A large number of economists have now begun to adopt approaches which depart from orthodox
assumptions. Some of them direct attention to the nature of the demand for labour and to forces other than
individual characteristics which determine wage levels. Others direct attention to aspects of the labour market
such as trade unions, employers monopoly power and government intervention, which mean that there is
no longer perfect competition.
Studies of local conditions have favoured adoption of a concept of a segmented labour market.
Evidence had accumulated in favour of there being an internal labour market within an established firm or
plant, which appeared in many respects to be insulated from the outside labour market. This observation
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had further led to the conception of a dual labour market. On the one hand, attentionwas called to aprimary
sector in which employment was stable, wherepay was good and where there were strong unions. On the other,
attention was called to a secondary sector in which employment was unstable, where pay tended to be low,
prospects of promotion poor and unions of small importance. In explaining poverty, then, emphasis was placed
as much on the disadvantageous characteristics of the secondary labour market as upon the characteristics of the
individuals holding such jobs.
Elites Theory of Poverty
The elite theory of poverty was based on the principle of conditional welfare for the few and took its
root in the early nineteenth century when leading elites was of the view that poverty was necessary for industry
and the overall growth in output. They argued that the laboring poor would not be motivated to work if they are
not hungry and poor. The elite theory of poverty argues that the structure of political power in a society
determines the extent and distribution of poverty in that society. The ruling minority elites, establishes and
legitimizes the processes of allocation of opportunities and resources for which the societal structure depends.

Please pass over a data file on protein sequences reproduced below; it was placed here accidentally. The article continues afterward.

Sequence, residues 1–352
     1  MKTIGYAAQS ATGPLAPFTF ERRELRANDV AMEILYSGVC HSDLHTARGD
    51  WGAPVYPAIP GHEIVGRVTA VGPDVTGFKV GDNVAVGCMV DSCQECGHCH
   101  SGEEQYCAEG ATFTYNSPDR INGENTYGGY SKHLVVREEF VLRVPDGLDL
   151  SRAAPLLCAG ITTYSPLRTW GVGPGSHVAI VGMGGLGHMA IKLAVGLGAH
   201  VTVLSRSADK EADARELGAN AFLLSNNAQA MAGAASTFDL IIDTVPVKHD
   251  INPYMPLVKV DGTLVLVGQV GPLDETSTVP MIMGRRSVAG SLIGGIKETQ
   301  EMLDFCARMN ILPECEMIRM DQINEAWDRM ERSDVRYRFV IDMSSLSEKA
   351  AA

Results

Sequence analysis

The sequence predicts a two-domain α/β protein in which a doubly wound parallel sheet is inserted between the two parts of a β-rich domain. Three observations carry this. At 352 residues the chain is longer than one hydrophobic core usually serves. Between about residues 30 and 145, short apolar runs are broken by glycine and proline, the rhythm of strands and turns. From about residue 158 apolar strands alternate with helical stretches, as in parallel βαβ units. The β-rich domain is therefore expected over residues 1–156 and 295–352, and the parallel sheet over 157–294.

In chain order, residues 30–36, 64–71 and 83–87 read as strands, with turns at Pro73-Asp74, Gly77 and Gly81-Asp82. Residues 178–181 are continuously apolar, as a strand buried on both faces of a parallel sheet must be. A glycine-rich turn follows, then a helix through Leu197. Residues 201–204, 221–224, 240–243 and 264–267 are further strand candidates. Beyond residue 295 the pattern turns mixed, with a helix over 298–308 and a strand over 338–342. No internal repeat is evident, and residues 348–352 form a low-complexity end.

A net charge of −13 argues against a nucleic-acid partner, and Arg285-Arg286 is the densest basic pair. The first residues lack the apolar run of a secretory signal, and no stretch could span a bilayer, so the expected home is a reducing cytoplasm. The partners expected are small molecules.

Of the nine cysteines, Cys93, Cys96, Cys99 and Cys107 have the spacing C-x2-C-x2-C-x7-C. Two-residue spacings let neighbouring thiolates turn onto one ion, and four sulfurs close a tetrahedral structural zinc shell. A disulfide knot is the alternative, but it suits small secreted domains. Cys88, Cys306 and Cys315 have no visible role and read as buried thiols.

Therefore, poverty is a socio-economic phenomenon whereby the resources available to society are appropriated
by the few elites in power to the detriment of the larger population who are in constant struggle to meet their
basic needs. So people are poor because certain political, economic and social structures have been imposed on


Empirical Framework

Bello et al, (2010) examine poverty situation in Nigeria by employing the data of economic growth and
millennium development goals (MDGs) expenditure. The methodology employed was panel data analysis
consisting of pooled model, fixed-effects, random-effects and weighted least square. The results revealed that, a
unit increase in per capita GDP led to 0.6 percent increase in poverty. Similarly, a unit increase in MDG
expenditure resulted in 11.56 units increase in relative poverty in the pooled model. The study concluded that
economic growth and MDG spending has not substantially reduced poverty over the sample period.
Atoloye (1997) in the study "Strategy for growth -led poverty alleviation in Nigeria. asserts that rapid
and sustained economic growth utilizing a new industrial strategy calls for proficient use of the natural
advantages of modern infrastructure, which further serves as a poverty reducing strategy,noting that economic
growth can only progress in a stable macroeconomic environment and with the right combination of factors of
production. According to the study, economic growth cannot be sustained if it gives rise to trade deficit that
cannot be financed. Thus, poverty becomes accentuated when current resources are being used to finance
obligations. The study tries to establish link between heavily indebted countries and high poverty level,
suggesting further that income that would have been spent on the provision of basic infrastructure are used to
service external debts.
Ibrahim et al, (2008) assess the determinants of poverty as well the poverty coping strategies among
farming households in Nasarawa State, Nigeria. The study employed simple random sampling to select 150
farming households and used Costs of Calorie method and Discriminant Analysis to determine the incidence of
poverty as well as its determinants respectively. The incidence of poverty among the sampled households was